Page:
Washington: Tom Wilson
If there is a “Public Enemy Number One” among the Capitals for Islander fans, it is a designation held by Tom Wilson. Whether it started or not with his hit on Lubomir Visnovsky in last season’s playoffs…
…Wilson has a bulls-eye on his back in the view of Islander Nation. Although only five of his 34 career regular season and playoff fights are against Islanders, you would think Wilson spent all of his ice time marauding over the Islander landscape, plundering and pillaging. The fact is, although Wilson does rank third in the league in penalty minutes this season, his minutes per game (1.97) is down from last season (2.57) and his fight total (7) is barely half of the total he recorded last season (12). Meanwhile, he has career highs in goals (7), assists (15), points (22), plus-minus (plus-4), and potted his only career game-winning goal this season, that against the Columbus Blue Jackets last Monday. Wilson is 1-3-4, plus-2 in 11 career games against the Islanders.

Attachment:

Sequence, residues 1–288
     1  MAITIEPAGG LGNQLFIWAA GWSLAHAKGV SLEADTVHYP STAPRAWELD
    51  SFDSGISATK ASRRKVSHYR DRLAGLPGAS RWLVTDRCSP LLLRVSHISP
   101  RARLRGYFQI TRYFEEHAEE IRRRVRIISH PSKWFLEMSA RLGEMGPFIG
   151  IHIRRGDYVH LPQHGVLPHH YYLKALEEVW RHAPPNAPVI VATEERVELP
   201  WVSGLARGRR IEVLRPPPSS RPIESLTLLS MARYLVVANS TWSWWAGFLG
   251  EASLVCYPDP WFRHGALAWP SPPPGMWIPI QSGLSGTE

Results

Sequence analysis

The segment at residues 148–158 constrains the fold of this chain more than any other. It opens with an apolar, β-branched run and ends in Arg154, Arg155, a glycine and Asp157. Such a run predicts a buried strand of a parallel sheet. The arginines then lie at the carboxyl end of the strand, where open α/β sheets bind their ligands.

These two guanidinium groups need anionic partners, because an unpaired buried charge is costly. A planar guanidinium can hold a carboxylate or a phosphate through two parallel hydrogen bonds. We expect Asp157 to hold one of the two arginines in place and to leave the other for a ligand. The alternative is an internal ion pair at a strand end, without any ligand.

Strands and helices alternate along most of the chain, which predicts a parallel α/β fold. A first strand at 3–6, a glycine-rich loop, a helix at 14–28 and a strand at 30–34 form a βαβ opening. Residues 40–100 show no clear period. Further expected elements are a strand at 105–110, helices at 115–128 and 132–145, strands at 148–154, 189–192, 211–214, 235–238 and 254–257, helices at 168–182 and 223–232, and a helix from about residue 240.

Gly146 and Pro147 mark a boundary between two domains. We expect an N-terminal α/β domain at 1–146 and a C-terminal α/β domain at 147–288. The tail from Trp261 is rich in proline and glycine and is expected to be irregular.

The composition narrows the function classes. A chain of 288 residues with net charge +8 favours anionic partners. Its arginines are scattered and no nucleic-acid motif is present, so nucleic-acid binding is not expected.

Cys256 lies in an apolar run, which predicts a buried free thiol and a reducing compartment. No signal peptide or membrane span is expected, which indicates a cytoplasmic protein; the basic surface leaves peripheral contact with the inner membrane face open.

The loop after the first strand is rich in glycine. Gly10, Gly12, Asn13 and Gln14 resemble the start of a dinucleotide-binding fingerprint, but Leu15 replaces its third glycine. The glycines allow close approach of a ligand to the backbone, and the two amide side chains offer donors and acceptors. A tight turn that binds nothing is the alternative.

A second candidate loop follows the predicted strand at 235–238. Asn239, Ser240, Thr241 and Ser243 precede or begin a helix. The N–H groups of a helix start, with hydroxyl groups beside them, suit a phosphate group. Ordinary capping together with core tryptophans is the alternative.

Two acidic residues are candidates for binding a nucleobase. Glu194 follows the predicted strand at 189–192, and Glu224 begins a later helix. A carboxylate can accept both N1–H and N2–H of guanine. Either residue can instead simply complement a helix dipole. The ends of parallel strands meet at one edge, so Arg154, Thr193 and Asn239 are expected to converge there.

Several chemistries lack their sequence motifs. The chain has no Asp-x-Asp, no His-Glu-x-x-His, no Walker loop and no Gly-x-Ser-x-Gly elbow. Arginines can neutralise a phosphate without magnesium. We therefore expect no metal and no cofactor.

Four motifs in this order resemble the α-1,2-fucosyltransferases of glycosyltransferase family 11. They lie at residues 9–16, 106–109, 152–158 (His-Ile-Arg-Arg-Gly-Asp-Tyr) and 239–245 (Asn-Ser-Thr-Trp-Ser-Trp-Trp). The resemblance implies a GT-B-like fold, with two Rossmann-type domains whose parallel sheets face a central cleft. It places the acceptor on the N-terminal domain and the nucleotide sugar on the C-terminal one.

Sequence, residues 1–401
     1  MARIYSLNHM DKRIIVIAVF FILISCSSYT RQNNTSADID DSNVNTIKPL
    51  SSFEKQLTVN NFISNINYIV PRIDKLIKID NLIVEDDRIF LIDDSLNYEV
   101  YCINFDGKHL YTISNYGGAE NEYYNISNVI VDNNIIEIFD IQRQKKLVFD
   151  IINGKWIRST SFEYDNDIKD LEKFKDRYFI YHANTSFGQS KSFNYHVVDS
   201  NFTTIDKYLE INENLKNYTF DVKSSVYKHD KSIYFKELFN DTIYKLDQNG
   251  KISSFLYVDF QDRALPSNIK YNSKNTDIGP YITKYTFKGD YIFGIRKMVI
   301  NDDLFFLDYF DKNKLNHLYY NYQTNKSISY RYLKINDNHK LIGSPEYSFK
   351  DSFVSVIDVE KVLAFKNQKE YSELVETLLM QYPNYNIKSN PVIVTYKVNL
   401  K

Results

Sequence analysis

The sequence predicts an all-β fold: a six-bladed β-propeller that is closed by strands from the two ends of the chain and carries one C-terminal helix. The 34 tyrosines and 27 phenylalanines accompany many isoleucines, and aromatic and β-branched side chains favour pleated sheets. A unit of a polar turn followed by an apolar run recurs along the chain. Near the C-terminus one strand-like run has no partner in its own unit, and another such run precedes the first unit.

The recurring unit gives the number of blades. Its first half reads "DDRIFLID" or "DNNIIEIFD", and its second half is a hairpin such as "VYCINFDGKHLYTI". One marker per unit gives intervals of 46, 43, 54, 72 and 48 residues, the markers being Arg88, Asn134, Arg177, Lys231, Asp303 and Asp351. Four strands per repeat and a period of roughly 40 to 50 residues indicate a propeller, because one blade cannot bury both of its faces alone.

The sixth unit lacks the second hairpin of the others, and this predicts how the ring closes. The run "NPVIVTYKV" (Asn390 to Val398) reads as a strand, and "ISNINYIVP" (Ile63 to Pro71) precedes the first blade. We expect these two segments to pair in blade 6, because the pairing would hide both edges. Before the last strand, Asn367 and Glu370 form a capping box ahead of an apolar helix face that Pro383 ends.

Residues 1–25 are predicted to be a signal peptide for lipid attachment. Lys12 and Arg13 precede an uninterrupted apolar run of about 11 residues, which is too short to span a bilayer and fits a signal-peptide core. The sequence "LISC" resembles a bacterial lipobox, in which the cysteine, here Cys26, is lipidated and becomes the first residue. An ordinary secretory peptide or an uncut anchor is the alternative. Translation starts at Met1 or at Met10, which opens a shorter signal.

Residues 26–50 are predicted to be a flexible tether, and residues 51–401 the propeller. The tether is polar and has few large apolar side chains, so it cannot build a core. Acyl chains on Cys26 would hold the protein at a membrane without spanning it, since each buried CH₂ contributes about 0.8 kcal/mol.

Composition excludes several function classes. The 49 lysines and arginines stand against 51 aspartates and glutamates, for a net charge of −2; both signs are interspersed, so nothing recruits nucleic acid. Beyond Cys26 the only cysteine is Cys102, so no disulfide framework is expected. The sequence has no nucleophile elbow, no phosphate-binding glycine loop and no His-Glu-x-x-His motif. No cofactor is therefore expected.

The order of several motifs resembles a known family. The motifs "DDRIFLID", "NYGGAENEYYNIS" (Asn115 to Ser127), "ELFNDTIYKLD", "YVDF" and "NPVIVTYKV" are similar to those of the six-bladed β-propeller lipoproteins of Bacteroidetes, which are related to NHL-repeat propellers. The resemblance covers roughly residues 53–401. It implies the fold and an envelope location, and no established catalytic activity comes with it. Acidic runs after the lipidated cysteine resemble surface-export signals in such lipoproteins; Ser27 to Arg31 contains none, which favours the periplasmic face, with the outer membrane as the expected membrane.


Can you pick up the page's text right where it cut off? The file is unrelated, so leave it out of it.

In the end…
Being able to compete against their cohort of playoff teams is, of course, something the Capitals have to demonstrate to be a bona fide contender. But there is also the discipline and the cold-eyed approach of putting a team down when they are struggling that good teams do as a matter of routine. The Islanders are a desperate team, but they are also a very wounded one, a club that has some major goaltending issues and injuries to key personnel. It is not likely that the Caps would face the Islanders in the first round, but this is an opportunity to demonstrate just how unpleasant such a meeting could be if it was to occur.
Capitals 5 – Islanders 2